David - Morris (
Mon, 24 Apr 95 20:10:49 EDT

On Mon, 24 Apr 1995, Dirk Herr-Hoyman wrote:

> >Dirk Herr-Hoyman <> wrote:
> >>I would like to propose a new HTML tag that addresses a user interface
> >>problem I am seeing. I would like to see <BACKUP> (or the moral
> >>equivalent) be used to display a link that causes a Web browser to backup
> >>to the last visited page.

Rather than a new tag for this specific characteristic, I think it would be
better to work out a more general approach and one which fits, if possible,
in the existing architecture. To that end, I would suggest:

a) Navigation links are already understood by all to be based on anchors
so I believe this specialized navigation should as well.
b) If BACKUP is useful, beyond the browser notion of backup, is FORWARD
also useful? Having backed up, what does BACKUP mean? The term UNDO
means different things to different editors, does BACKUP mean
something different than the current flat history walked backward?
Would BACKUP after having backed up mean return to the screen backed
up from or to the file viewed before the one backed up from? What about
browsers which retain a tree or graph history? All this is to suggest
that IF the information provider feels that a specific click spot/button
is desireable, whatever we design should encourage/require/enable the
information provider to define the expected action and should support the
actions we expect the information provider to need.
c) With those concerns, I would propose either a new tag or new use of
<input> outside for forms. This tag, say <button value="help"> would
render a button as an <input type=submit value="help">
button on a form would be rendered. This new tag would be used inside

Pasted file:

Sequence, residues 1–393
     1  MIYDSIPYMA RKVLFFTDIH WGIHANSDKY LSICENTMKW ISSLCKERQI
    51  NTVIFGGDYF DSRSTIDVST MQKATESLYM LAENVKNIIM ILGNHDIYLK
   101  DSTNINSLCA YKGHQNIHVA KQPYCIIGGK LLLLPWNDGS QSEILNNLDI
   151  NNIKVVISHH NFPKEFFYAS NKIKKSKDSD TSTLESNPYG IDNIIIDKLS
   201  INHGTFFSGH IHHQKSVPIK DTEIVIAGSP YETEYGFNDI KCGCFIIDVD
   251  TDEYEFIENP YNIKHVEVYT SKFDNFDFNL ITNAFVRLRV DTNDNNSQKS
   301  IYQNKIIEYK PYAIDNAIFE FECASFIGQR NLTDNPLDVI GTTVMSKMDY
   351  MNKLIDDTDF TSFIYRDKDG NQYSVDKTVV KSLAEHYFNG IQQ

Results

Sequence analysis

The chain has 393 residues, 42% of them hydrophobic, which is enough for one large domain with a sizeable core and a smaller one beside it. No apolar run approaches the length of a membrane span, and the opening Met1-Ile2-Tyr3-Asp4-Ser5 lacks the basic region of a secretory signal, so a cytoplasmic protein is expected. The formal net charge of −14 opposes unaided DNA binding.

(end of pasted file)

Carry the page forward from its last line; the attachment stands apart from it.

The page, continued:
of an anchor and would activate the anchor when clicked. This tag would
really define a local graphic (or appropriate substitution on a character
browser) with no penalty for network transfer, lack of a graphical
interface (OR image disabled by the user on a slow connection). The
rendered label would be the information provider's choice, etc.
d) So now that I've defined how a button labeled "backup" could be placed
anywhere the provider desires, let me re-iterate the prior suggestion
that the backup function be handled via the anchor. Some possiblities:
1) A new URL method, I would favor something like 'uacmd:' (User Agent
Command) or 'uareq:' (UA request) or 'uadir:' (directive) followed
by a specific request like:
forward -- to mean exactly what the browser's BACK and FWD buttons
etc mean
return -- return to the file from which this file was viewed AND
remove this file from the history tree. Like a GUI
... others like up, down, left, right, etc. should be
considered. Required rendering for browsers which
choose to be impaired would be to display a pop-up
indicating that the 'XXXX' command is not understood
by this browser or some such.
2) Since it is easy to envision a case where the browser expects to be
able to restore a viewed file by re-retrieval and perhaps even have
lost the return to candidate url from the local history cache,
the most general solution would be something like adding (using the
proposed?) a 'role=' attribute to anchor. 'role=backup' would tell
the browser that the intent was to backup but if that wasn't
understood, the href= url would be used. 'role=nohist' would
be useful as meaning that the new href= shouldn't be placed in the
history. 'role=replace' would mean replace the current file in the
history with the referenced file. Etc .... Extending the anchor
is this fashion should allow existing browsers to continue to present
the desired information to the user.

Dave Morris